Heard of constru-tech? How about RE-tech? If you're scratching your head, don't feel like you've missed something. Those monikers simply don't exist.

Construction and real estate may be some of the last holdouts when it comes to fully embracing technology. Some players have tentatively toyed with it, of course, but only 8 percent feel they've hit leading-edge status when it comes to tech, and just slightly more than 20 percent are even trying. Enter the disruptors who will help them take the leap to the next level of performance and efficiency.

Mike Kalis, CEO of Marketplace Homes in Detroit, is one of the leaders of the charge. His brokerage firm acts as a tech-driven solutions provider that helps both construction companies and homebuyers improve their success. When Marketplace Homes launched in 2007 amidst the real estate market crisis, the company saw the industry's volatility as an opening for tech advances. After launching its app, Zip Tours, it was on its way to becoming a go-to source for builders, investors, property managers, and homebuyers across the globe.

I recently sold a property in Virginia that I had been trying to sell for years with traditional agencies and agents. It was a bad investment on my part (that's another story) and hard to sell the way traditional agents market properties. It was frustrating and I knew I needed an agency that could target the right buyer. I finally hired Teddi Alyce Segal Principal Broker at Honey House a boutique, high-touch real estate brokerage that emphasizes strategy and employs a sophisticated tech strategy. The place sold in days because she used analytics, social media and a proprietary system to find the right buyer.

Joining the Tech Revolution -- One Step at a Time

Construction and real estate startups have an opportunity to match -- and maybe even surpass -- the tech powers of the finance and agricultural industries, both of which are using big data for an array of processes. From the construction site to the office, companies can differentiate themselves from competitors through tech innovations.

Perhaps founders would be wise to study the financial tech industry, which is earning high grades for its adoption of new fintech products and services. According to the World Retail Banking Report 2017, two out of three of the industry's consumers use technology, and about 80 percent believe it changes their experiences for the better.

If construction and real estate could reach similar numbers using tech to bridge gaps, close sales, communicate effectively, and alter perceptions, the industries would likely see record success at a local, national, and even global scale. Companies eager to shed outdated skins and enjoy the benefits that come with technological advancements can start with these strategies.

1. Ditch the pulp, and head for the cloud.

Still drowning in paperwork? As the saying goes, "There's an app for that!" Fieldwire, for instance, allows real-time tracking from construction site workers to back-end employees, promoting instantaneous information exchanges and eliminating needless gaps in decision-making. Want OSHA guidelines at your employees' and subcontractors' fingertips? Safety Meeting App is the fast, paperless answer. Professional apps turn your crew into an empowered machine that isn't hindered by distance, time, or documentation.

2. Switch to advanced materials.

Tech overhauls aren't limited to computers and mobile devices. They also make up the fabric of everyday tools and materials. Forward-thinking construction companies of all sizes use everything from 3D printing to carbon fibers to create items stronger and more sustainable than ever before. For example, a Harvard University report found environmental and practical benefits to using epoxy honeycombs for wind turbine creation, as opposed to traditional balsa wood solutions.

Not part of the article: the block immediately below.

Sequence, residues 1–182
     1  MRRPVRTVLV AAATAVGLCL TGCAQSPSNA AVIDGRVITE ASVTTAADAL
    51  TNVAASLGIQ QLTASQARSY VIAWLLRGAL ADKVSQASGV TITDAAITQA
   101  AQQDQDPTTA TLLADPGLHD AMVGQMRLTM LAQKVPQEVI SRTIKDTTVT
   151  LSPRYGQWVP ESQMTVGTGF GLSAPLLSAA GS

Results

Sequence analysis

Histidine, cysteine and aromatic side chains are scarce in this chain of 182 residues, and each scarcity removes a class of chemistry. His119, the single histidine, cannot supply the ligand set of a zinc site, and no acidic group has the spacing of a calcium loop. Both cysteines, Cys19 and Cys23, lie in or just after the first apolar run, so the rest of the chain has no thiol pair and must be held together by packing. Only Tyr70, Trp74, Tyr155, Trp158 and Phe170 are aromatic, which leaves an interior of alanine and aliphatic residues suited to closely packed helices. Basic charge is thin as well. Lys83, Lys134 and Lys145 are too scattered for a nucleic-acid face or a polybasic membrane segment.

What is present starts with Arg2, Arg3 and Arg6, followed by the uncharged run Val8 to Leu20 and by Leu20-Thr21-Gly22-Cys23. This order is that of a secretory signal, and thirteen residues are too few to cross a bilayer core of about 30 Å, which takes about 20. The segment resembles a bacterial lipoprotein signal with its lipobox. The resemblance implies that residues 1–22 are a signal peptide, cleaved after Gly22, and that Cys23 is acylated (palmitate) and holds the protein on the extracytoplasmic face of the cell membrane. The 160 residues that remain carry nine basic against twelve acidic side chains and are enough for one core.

3. Improve project monitoring.

Drones sometimes get a bad rap, but they're proving useful for construction site monitoring. Skycatch, a drone image-processing platform that can create 3D models from photos, gives companies the ability to comprehensively see the trees and the forest. And Fieldlens improves site examinations and communications by spurring collaboration among colleagues to streamline processes that would otherwise seem chaotic.

4. Try renewable energy.

Renewability goes beyond replacing the light bulbs in your headquarters -- so proved Dutch firm Heijmans, which introduced Smart Highway in collaboration with designer Daan Roosegaarde. This roadway features solar-powered lights, as well as electric vehicle priority lanes and dynamic paint. Not worried about avenues? Consider placing solar panels on roofs or wind turbines to boost natural energy.

5. Invest in the latest wearables.

Wearable technology isn't just cool; it's often safer, especially for construction workers. Plus, it comes in plenty of shapes and sizes, from smart vests to bionic suits. A great example is Smart Helmet, which has several features, including an augmented reality component. If your workers have to wear helmets, anyway, it makes sense to have them use the best technology.

6. Use analytics to deliver better customer experience.

As Segal told me,"effective use of analytics and technology allows me to serve up marketing on behalf of home sellers to precisely the right buyers. Almost all buyers start their searches online so I want to be right there when they get serious about selling or buying. In my opinion, great service in real estate depends on access to the right data to make smart decisions and the right platforms to deliver stress-free transactions".

The world is changing rapidly and business has to adapt to that change. It will be interesting to see who in real estate and construction will find new ways to use technology to improve customer service and experience. Who will disrupt these two industries?